It’s been a clean sweep for 11-year-old Mihiroa Pauling this summer. Not only did she achieve her first national title at the New Zealand Junior Surf Life Saving Championships (Oceans’ 16) taking out the U12 Women’s Beach Flags event, but she also won gold for Beach Flags at the South Island and Canterbury competitions. As well as blitzing the flags, at the recent Canterbury champs she also won gold in the mixed relay, and silver for her beach sprint.
Starting with a passion for gardening, Jade Temepara’s ambitions may very well be the next step to ensuring our whānau are healthy and thriving. “It’s about everything: employment, enterprise, education, health, wellbeing, connectedness, and just feeling comfortable in a community we have felt quite distant from for a long time.”
When adult longfin eels are ready to leave New Zealand to release their eggs somewhere in the South Pacific, John Wilkie (Waitaha, Kāti Māmoe, Ngāi Tahu – Kāti Hāteatea, Kāti Huirapa, Ngāti Hawea) is there in the Waitaki valley to give them a hand.
In the wake of the 2011 earthquake, mana whenua Ngāi Tūāhuriri realised that one way to bring meaning to the destruction in central Christchurch was to get involved in the recovery process, and ensure that Ngāi Tūāhuriri/Ngāi Tahu identity is visible in the city.
The route to and from the inland plains, where tī kōuka and weka were harvested, is an old one, and the Te Maiharoa family have been travelling it for a long time. In 2012 the whānau retraced the trail of their ancestors from the coast to present-day Ōmārama, and in 2016, it was time to walk the return journey, tracing the Waitaki River back to coastal Korotuaheka.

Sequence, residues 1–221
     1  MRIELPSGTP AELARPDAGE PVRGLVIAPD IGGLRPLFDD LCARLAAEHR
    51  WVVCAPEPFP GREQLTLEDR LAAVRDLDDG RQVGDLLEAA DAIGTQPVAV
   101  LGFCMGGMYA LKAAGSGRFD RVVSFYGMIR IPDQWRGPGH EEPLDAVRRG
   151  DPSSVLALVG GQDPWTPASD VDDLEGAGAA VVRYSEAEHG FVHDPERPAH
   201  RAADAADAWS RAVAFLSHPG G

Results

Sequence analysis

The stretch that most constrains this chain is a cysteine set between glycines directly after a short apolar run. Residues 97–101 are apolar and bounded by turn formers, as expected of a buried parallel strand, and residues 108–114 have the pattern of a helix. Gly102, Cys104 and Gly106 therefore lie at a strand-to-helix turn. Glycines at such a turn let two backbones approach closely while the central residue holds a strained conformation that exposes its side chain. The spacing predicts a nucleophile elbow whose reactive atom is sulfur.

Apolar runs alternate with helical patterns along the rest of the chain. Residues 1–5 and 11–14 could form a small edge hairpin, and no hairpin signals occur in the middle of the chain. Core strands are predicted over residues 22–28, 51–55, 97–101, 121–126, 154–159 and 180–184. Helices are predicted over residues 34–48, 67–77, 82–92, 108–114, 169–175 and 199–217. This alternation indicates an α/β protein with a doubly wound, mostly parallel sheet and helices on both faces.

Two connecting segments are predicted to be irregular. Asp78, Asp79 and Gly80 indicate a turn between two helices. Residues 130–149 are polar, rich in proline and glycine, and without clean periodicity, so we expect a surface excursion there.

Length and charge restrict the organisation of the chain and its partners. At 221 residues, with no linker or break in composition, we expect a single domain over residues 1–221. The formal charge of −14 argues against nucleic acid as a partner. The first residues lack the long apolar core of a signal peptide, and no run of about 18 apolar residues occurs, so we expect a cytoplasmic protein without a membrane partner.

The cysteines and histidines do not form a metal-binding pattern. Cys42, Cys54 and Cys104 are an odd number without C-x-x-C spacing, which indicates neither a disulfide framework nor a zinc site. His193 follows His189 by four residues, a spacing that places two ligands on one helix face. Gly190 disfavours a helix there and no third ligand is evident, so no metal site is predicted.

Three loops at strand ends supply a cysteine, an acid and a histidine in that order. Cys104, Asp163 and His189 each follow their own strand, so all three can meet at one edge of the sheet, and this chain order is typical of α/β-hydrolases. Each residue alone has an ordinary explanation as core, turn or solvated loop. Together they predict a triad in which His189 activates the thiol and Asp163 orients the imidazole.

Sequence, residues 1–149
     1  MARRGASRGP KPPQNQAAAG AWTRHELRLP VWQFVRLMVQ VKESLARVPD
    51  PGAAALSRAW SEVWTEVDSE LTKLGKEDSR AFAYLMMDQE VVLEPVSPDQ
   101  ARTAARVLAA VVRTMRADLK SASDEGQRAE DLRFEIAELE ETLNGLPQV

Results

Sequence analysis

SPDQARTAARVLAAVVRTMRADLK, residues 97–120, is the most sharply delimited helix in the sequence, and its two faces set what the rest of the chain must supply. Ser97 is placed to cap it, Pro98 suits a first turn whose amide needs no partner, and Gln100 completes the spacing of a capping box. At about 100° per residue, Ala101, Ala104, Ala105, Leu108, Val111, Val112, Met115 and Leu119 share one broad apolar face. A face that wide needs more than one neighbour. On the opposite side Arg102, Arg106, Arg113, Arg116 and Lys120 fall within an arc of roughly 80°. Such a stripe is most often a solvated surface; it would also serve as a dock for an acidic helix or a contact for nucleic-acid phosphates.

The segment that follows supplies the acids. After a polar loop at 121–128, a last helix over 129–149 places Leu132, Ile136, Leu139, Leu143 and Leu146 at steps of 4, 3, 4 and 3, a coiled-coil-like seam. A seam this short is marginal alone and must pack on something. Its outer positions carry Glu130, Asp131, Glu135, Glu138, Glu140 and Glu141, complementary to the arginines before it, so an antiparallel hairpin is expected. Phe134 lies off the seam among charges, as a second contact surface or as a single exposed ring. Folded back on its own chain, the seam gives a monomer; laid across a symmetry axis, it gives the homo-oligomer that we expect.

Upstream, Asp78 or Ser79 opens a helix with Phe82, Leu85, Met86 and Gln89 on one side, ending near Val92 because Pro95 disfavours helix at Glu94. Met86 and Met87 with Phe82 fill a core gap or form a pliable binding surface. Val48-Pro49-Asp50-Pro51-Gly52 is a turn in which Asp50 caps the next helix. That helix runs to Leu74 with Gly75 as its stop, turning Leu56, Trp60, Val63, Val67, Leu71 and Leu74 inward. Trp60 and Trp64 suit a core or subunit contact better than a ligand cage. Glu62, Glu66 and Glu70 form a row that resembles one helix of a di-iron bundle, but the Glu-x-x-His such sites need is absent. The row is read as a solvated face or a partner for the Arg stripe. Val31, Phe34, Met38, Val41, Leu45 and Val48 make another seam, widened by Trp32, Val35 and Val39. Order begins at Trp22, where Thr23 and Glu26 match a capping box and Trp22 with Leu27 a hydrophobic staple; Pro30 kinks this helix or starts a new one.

It’s in our blood to look after our rivers and fight for our rights, and I’m proud to know that my whānau continue that legacy.
Now mānuka is the basis of a multi-million dollar industry that has sprung up in a short space of time, and is on a growth curve that even the dairy industry can’t match.
Although they are widely known as flaxes, wharariki and harakeke are actually lilies. The two species are usually found in different environments, but do cross-breed and hybridise. Horticulturists have bred many coloured ornamental forms that are widely used in landscaping, and some well-known cultivars used by weavers are hybrids.
During Waitangi weekend I was fortunate enough to attend a two-day workshop in Christchurch entitled the “Six Figure Farming NZ Tour”. Two Canadian micro-market gardeners shared their stories and skills on how to successfully run two very different yet very profitable small-scale organic vegetable growing operations. The term “Six Figure Farming” comes from their realisation that it’s possible to make more than $100,000 per acre in gross income with a general profit margin of around 40–60%.
The Government today introduced the Hurunui/Kaikōura Earthquakes Emergency Relief Bill and the Civil Defence Emergency Management Amendment Act 2016 Amendment Bill to Parliament. The Government has also indicated a third Bill, the Hurunui/Kaikoura Earthquake Recovery Bill, will be introduced to the House on Thursday. Te Rūnanga o Ngāi Tahu welcomes the introduction of these Bills…
A new initiative to restore the health of Lyttelton Harbour/Whakaraupō was launched today. The initiative will see five major players in the management of Whakaraupō/ Lyttelton Harbour – Te Hapū o Ngāti Wheke, Te Rūnanga o Ngāi Tahu, Environment Canterbury, Christchurch City Council, and the Lyttelton Port Company – join forces to create an action…